The government of New Brunswick announced that it will be raising the province’s minimum wage from $11.00 to $11.25 on April 1, 2018. The government promised that following last year’s increase to $11.00, all future minimum wage increases would be based on changes in the rate of inflation. Although the government has yet to enshrine this promise in legislation, this year’s increase in minimum wage is in line with the country’s 1.9% increase in the Consumer Price Index (CPI) from 2017.

On April 1, 2018, Prince Edward Island’s minimum wage will increase by 2.6% to $11.55 per hour. Despite ongoing advocacy from the Retail Council of Canada (RCC), the PEI government refuses to tie its minimum wage increases to a rate of inflation formula.

Nova Scotia will increase its minimum wage to $11.00 ($10.50 for inexperienced workers) on April 1, 2018. Nova Scotia has legislation which mandates that its minimum wage increases be based on the previous year’s increase in CPI.


Minimum wage changes should be based on the change in the Consumer Price Index (CPI) for the previous year.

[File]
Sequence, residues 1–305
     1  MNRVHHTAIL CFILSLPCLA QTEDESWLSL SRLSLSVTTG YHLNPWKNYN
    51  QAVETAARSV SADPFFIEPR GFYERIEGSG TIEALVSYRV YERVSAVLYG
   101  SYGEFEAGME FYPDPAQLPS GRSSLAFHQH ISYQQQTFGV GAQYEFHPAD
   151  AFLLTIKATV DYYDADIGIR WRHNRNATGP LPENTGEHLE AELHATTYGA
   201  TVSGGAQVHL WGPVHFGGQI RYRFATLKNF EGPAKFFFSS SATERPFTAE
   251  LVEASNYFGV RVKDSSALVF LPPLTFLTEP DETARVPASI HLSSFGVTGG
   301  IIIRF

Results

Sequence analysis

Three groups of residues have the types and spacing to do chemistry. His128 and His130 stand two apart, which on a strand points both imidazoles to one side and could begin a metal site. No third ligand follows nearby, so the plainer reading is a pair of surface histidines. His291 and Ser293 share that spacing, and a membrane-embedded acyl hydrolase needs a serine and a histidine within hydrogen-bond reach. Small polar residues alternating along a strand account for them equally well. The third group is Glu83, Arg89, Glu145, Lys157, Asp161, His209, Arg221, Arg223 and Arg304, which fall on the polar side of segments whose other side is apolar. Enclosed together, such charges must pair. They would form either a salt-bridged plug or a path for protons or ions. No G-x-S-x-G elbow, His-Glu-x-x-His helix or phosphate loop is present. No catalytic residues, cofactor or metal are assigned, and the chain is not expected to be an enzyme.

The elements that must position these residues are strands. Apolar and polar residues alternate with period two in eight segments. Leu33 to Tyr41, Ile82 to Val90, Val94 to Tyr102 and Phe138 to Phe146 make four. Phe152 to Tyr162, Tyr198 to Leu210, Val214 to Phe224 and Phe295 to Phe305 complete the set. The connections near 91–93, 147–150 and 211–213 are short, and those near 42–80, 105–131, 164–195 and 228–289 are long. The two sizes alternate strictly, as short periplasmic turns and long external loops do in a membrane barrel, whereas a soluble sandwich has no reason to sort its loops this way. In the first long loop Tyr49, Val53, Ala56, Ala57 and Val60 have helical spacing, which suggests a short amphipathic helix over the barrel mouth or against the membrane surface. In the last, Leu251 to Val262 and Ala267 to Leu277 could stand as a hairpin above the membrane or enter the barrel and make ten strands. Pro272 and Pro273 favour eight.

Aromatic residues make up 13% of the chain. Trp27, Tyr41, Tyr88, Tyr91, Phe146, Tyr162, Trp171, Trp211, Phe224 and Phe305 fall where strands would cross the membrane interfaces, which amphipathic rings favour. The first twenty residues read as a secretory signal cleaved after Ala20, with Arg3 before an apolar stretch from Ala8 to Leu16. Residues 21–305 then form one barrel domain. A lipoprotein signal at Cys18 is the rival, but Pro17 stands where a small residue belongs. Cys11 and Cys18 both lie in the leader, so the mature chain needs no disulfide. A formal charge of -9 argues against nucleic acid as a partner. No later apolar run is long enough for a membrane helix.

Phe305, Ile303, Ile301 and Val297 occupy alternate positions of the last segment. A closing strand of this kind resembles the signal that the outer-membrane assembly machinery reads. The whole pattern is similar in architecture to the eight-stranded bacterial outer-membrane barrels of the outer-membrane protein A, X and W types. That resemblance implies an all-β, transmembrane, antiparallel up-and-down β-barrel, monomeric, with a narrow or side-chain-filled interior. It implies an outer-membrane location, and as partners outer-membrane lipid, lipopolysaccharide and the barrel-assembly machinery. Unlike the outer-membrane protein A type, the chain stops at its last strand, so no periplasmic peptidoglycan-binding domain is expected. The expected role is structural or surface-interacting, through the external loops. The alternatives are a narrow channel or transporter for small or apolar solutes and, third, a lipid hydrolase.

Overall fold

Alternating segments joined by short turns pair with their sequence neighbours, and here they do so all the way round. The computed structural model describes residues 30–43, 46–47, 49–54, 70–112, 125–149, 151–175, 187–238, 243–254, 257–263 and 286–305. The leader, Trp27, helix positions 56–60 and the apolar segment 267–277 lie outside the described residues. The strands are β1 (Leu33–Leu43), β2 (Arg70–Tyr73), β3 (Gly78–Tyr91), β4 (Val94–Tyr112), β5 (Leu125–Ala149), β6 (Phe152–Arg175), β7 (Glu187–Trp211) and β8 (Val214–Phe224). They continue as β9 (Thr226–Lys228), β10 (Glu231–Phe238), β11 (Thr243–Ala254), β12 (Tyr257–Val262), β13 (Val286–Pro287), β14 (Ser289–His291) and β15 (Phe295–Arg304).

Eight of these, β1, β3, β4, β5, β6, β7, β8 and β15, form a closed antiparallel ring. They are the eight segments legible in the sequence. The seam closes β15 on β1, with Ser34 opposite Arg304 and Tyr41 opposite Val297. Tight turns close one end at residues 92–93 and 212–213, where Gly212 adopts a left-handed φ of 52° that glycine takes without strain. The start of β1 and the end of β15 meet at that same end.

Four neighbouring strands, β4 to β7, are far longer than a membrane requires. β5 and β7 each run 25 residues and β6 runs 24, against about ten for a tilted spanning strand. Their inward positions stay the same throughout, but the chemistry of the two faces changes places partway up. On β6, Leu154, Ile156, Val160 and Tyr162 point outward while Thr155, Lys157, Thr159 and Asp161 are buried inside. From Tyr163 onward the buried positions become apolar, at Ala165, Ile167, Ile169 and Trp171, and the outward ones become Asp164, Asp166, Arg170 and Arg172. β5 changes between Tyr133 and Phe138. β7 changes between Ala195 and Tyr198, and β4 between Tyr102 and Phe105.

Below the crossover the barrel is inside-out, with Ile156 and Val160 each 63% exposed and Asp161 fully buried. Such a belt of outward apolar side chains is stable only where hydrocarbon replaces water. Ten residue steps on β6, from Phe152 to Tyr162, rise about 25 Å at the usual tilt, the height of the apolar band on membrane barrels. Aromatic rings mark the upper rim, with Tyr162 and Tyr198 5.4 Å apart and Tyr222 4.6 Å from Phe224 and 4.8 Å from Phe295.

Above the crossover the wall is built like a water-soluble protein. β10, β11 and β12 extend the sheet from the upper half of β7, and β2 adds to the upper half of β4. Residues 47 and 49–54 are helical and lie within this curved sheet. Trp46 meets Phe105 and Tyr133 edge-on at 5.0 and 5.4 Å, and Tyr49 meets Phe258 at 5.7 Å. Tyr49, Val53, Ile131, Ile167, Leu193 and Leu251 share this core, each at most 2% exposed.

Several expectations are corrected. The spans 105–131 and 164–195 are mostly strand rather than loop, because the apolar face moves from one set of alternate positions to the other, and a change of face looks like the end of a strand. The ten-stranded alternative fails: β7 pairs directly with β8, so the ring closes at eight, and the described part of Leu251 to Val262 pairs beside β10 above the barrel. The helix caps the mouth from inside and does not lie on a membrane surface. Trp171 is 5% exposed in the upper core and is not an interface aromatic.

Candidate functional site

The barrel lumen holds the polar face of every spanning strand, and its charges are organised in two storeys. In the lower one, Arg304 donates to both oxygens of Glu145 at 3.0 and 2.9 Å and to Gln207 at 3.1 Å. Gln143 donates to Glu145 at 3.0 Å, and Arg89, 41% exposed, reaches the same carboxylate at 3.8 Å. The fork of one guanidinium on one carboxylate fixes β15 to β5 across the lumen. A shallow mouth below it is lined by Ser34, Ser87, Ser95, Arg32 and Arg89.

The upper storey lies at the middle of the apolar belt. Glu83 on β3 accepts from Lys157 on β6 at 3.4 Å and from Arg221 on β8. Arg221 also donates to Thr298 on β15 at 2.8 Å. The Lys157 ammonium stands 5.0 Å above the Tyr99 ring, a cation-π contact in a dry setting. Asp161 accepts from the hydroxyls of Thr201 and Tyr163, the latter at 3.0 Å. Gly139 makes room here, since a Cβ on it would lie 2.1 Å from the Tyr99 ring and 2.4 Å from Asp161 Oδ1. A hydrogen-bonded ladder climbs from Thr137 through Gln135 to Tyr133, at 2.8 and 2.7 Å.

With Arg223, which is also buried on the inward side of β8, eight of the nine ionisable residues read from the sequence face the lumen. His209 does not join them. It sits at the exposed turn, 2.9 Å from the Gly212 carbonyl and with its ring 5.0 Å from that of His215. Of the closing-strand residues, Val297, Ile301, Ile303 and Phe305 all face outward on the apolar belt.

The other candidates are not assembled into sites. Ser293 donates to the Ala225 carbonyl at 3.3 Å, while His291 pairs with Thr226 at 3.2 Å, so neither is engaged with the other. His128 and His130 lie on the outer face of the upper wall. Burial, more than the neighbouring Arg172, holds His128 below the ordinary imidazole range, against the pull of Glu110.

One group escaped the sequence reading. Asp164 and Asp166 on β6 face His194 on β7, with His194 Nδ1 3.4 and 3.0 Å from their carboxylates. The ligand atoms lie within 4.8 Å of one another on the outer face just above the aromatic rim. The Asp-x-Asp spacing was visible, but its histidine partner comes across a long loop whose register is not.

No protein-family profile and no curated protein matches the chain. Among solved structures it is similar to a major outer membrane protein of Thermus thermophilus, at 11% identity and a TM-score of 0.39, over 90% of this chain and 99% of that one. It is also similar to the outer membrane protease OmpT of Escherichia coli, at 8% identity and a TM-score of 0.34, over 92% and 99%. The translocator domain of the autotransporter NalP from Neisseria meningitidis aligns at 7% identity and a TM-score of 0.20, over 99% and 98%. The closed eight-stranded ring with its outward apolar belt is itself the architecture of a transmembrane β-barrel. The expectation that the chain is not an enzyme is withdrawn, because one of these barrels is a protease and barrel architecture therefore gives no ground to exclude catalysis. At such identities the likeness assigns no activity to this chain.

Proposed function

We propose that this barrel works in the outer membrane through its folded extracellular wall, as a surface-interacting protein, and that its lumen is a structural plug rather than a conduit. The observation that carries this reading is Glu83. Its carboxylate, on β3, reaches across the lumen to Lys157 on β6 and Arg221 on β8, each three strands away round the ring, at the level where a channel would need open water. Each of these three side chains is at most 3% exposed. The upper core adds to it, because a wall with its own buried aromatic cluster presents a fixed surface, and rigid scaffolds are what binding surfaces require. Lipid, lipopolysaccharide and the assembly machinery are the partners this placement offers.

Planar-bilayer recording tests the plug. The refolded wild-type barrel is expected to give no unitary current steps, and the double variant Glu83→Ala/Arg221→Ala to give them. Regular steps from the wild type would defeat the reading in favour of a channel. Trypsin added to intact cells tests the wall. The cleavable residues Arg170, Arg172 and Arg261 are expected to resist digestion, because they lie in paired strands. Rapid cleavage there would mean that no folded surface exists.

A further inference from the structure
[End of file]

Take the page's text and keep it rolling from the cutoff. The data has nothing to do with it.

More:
As part of a growing initiative for greater harmonization between the Maritime provinces, Nova Scotia, Prince Edward Island and New Brunswick have all legislated that if changes to minimum wage are to occur, it will only happen on April 1st each year.

RCC has commended the New Brunswick government on its decision to tie this year’s minimum wage increase to the rate of inflation. However, RCC continues to be very specific in its call for the government to legislate that its minimum wage increases be based on the previous year’s increase in CPI.

RCC uses the Nova Scotia model as a positive example of how other provinces should determine their minimum wage.

Next Steps:

This spring, Nova Scotia’s Minimum Wage Review Committee will review the current formula for adjusting the minimum wage. This will include looking at the current rate and the approach to setting the minimum wage. Atlantic premiers have also recently committed to looking at options for harmonizing the minimum wage across the Atlantic region.

RCC will continue to push for legislated predictable minimum wage increases based on the change in the consumer price index. This allows for predictability and depoliticizes any such decision.

If you have any questions or concerns, please don’t hesitate to contact: Jim Cormier, Director (Atlantic) at:  [email protected] or (902) 422-4144